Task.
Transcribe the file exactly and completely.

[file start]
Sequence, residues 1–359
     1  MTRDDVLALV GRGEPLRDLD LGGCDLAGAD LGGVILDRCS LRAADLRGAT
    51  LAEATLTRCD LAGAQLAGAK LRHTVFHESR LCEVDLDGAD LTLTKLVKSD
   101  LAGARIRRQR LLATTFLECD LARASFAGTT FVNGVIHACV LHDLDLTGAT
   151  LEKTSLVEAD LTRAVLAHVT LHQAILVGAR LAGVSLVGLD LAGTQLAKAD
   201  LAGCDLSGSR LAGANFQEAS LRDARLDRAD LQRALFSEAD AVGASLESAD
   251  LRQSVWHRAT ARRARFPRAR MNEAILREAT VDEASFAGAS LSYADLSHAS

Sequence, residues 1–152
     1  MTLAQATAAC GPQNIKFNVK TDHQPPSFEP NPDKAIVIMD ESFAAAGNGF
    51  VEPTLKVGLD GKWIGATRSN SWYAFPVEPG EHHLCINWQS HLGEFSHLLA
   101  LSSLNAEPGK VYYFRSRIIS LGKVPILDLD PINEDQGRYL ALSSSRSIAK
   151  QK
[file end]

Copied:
Sequence, residues 1–359
     1  MTRDDVLALV GRGEPLRDLD LGGCDLAGAD LGGVILDRCS LRAADLRGAT
    51  LAEATLTRCD LAGAQLAGAK LRHTVFHESR LCEVDLDGAD LTLTKLVKSD
   101  LAGARIRRQR LLATTFLECD LARASFAGTT FVNGVIHACV LHDLDLTGAT
   151  LEKTSLVEAD LTRAVLAHVT LHQAILVGAR LAGVSLVGLD LAGTQLAKAD
   201  LAGCDLSGSR LAGANFQEAS LRDARLDRAD LQRALFSEAD AVGASLESAD
   251  LRQSVWHRAT ARRARFPRAR MNEAILREAT VDEASFAGAS LSYADLSHAS

Sequence, residues 1–152
     1  MTLAQATAAC GPQNIKFNVK TDHQPPSFEP NPDKAIVIMD ESFAAAGNGF
    51  VEPTLKVGLD GKWIGATRSN SWYAFPVEPG EHHLCINWQS HLGEFSHLLA
   101  LSSLNAEPGK VYYFRSRIIS LGKVPILDLD PINEDQGRYL ALSSSRSIAK
   151  QK